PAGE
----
Our daughter was surrounded by six grandparents who loved her and came to visit her all the time, and were all in the room when she passed away. She has 17 aunts and uncles who were there for her and us, along with countless other friends and family members who sent messages of love, prayer and support. The number of people lending their support seemed infinite. She was alive for 11 days. It was 251 hours. It was 14,993 minutes. And though it sounds like a lot, it wasn’t enough. I’ve learned no amount of time to spend with your child is enough. But every single second, every single moment we spent with her felt like a gift. She couldn’t move, she couldn’t talk, she was only able to open her eyes a few times, but those 14,993 minutes are something I would never, ever trade as each one showed me how to love more than I thought possible.
Let’s talk about love. Uncontrollable, unconditional love. Everyone talks about how much your life will change when you have a child. And even though we didn’t have the time with Gabriella that we thought we would, the love for her will remain with us always. The love our family and friends showed us will remain always. I am comforted by the words of the Lord Alfred Tennyson, who wrote his famous poem “In Memoriam A.H.H.” about his friend who had died suddenly of a cerebral hemorrhage. You probably know this stanza:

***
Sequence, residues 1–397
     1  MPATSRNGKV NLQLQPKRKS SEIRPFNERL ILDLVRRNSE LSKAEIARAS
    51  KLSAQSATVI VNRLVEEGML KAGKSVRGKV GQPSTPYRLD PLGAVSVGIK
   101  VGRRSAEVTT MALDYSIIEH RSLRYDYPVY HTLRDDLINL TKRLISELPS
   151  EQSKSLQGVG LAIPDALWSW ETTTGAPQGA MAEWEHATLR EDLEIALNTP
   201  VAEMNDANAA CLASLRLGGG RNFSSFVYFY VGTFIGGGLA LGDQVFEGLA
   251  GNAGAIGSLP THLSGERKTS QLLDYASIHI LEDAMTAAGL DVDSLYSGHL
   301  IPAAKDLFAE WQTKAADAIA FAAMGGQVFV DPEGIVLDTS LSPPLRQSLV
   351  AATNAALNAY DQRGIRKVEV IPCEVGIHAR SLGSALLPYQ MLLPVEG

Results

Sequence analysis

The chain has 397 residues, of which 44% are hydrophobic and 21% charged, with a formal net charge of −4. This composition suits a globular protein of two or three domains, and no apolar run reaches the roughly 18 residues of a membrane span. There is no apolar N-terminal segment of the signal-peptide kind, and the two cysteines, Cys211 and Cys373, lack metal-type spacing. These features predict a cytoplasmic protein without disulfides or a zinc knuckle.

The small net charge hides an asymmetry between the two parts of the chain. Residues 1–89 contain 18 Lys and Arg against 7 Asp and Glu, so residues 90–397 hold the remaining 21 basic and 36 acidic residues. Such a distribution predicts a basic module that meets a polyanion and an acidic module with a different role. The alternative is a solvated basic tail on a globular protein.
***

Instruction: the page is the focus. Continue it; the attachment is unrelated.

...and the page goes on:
I hold it true, whate’er befall;
I feel it, when I sorrow most;
‘Tis better to have loved and lost
Than never to have loved at all.
Though we have lost Gigi, she was beloved by so many, none more fiercely than her mother and I and her family. We will be stronger for having her, and stronger for loving her.